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Belgium: Beer and Independence

beers of belgium
Belgium is a country synonymous with beer. The history of this fermented malt beverage is deeply intertwined with the nation. Belgium has long been a melting pot of cultures, due to its war-ridden history. Though control of the land has changed with time, the people have held steadfast to their ancient brewing traditions. Belgian brewers are a proud and individualistic bunch, preferring the unique to the usual. Although the beers don’t change, they retain their unique level of quality and flavor. Imitators often achieve little success.
Belgian beers take most their character from yeast. Strains that have been exchanged by hand over centuries give Belgian beers a certain ‘terroir’ from fermentation. Bottle-conditioning (re-fermentation in the bottle) also plays a role, giving fantastic aromatics, beautiful foam and a crisp, tingly effervescence. Individuality in these beers comes with the frequent use of oats, wheat, spelt, noble hops, candi sugar and spices! Belgian brewing methods and tradition have greatly influenced modern craft brewing in the United States and beyond.
This Thursday, Belgians will celebrate their independence from the United Netherlands. The Belgian Revolution came to a victorious end on July 21, 1831, closing an era of conflict and securing Belgium’s independence. Breweries that were pillaged and burned during the Belgian and French Revolutions now had a chance to reopen. This time period laid a foundation for many of our favorite Belgian beers today. Celebrate Belgium’s beer and independence with us this week!
Stop by the tasting bar this Friday, July 22nd from 4-6:30pm and try some of our favorite Belgian beers from Duvel, La Chouffe and Liefmans:
Duvel Moortgat
The Moortgat brewery farm was founded in 1871 by Jan-Leonard Moortgat and his wife. Moortgat’s beer was soon winning the favor of the Belgian populace. In 1900, Jan-Leonard’s sons Albert and Victor joined the operation to take over brewing and delivery. During WWI the family became impressed by the English ales that became newly available. They decided to create a type of ale based on the flavors they fell in love with. In 1918, Albert Moortgat attained a precious strain of Scottish yeast, the same used to this very day! When the recipe was perfected, the beer was called ‘Victory Ale’. But this wasn’t to be its final name. In 1923, a famed shoemaker tried the beer and exclaimed “This is a real Duvel (Devil)”. The rest is history. Duvel Ale is both refined and distinct. An aromatic hop nose leads to a silky smooth fruitiness and subtle bitterness on the finish. Its tightly-bubbled effervescence is quite refreshing.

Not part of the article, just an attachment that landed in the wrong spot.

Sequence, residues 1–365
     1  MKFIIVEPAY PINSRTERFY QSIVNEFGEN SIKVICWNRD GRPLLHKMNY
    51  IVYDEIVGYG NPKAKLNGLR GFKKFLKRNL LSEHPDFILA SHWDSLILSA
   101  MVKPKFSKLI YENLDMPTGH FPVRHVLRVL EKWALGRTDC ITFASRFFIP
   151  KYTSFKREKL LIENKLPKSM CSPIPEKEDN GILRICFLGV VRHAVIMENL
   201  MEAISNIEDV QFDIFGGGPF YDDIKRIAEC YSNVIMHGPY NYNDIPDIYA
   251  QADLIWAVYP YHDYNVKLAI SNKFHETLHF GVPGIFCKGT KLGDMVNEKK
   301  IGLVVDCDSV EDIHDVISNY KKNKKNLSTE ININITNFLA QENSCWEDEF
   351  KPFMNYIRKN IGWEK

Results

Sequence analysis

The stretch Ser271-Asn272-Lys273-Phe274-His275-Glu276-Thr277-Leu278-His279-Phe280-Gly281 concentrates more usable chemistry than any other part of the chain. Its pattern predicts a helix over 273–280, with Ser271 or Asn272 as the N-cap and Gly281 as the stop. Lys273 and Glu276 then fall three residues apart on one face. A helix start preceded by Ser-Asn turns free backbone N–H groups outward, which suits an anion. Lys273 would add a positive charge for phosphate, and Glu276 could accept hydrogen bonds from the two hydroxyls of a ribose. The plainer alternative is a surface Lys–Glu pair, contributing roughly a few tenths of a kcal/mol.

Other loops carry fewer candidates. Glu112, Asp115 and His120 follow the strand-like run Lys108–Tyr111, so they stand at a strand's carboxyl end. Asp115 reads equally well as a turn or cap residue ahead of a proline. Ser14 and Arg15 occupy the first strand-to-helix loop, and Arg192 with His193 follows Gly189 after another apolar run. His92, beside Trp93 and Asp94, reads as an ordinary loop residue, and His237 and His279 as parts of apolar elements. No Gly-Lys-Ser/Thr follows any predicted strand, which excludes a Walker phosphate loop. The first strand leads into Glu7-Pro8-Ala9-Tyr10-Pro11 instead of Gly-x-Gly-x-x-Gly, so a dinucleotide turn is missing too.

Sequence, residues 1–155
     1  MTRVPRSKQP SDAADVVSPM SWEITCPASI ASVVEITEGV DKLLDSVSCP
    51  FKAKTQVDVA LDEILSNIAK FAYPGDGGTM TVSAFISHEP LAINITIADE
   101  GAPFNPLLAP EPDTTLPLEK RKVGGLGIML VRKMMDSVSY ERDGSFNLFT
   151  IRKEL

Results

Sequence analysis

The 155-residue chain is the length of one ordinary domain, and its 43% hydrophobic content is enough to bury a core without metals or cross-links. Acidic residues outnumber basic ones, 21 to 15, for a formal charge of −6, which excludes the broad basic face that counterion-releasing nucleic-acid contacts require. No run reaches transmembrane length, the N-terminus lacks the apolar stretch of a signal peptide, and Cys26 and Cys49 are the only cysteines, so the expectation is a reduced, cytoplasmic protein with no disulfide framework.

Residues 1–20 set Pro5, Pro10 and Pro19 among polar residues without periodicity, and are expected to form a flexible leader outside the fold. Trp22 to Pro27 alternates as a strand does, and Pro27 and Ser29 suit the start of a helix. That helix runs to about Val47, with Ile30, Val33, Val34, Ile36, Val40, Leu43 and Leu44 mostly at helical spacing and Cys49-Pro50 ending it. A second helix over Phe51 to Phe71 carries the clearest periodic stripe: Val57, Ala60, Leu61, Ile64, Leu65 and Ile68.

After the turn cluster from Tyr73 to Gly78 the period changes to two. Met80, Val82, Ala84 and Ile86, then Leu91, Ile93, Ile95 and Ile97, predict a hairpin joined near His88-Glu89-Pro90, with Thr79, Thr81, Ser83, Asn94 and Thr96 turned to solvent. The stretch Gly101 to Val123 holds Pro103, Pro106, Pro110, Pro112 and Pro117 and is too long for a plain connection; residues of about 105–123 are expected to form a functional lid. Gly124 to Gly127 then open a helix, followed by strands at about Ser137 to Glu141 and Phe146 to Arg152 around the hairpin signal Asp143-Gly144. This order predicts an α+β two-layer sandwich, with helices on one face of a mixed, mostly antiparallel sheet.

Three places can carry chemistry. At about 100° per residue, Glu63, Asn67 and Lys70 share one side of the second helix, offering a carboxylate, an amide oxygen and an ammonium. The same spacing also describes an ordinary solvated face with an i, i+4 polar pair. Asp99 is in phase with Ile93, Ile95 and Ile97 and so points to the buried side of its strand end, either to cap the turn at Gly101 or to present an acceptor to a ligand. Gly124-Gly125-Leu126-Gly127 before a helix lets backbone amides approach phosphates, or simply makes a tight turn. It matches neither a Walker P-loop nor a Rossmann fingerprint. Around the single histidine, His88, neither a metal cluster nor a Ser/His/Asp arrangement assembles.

Brasserie d’Achouffe
A tale that begins in the 1970s, two Belgian brothers-in-law decided to create their own brewery and beer. Embarking on the “Chouffe story”, they pooled their money and set up shop in the Belgian Ardennes. The first batch of La Chouffe was produced in late 1982. As the Achouffe dwarves yearned for exploration, the brewery began to supply its neighbor nations. Chouffe beers are sold throughout the world. Brasserie d’Achouffe is now part of the Duvel Moortgat family and has three year-round offerings. La Chouffe blond beer is fruity and floral, with spicy coriander and a touch of hoppiness. Houblon Chouffe is an India Pale Ale with the pleasant fruitiness of Belgian yeast. The Mc Chouffe brown beer has a dark-fruit bouquet masking a hint of bitterness. All three are re-fermented in both bottle and barrel.
This brewery has been on the banks of the River Schelde in Oudenaarde since 1679, possibly longer. Its namesake is taken from its founder Jacobus Liefmans. The brewery focuses on mixed fermentations, producing beers with a puckering acidity. The Goudenband, aka ‘Golden band’, is a sour brown ale that is blended from matured (soured) beer and young beer to start the re-fermentation. This beer ages, like a fine wine, for ten years or more! Expect notes of caramel, apple, rhubarb, nuts and raisins. Cuvée Brut is a mixed-fermentation brown beer that gains a fresh, fruity acidity from aging on black cherries. Expect notes of red fruit, marzipan, sherry, raisins and a fine acidity.
I’d say it’s time for some beer and waffles!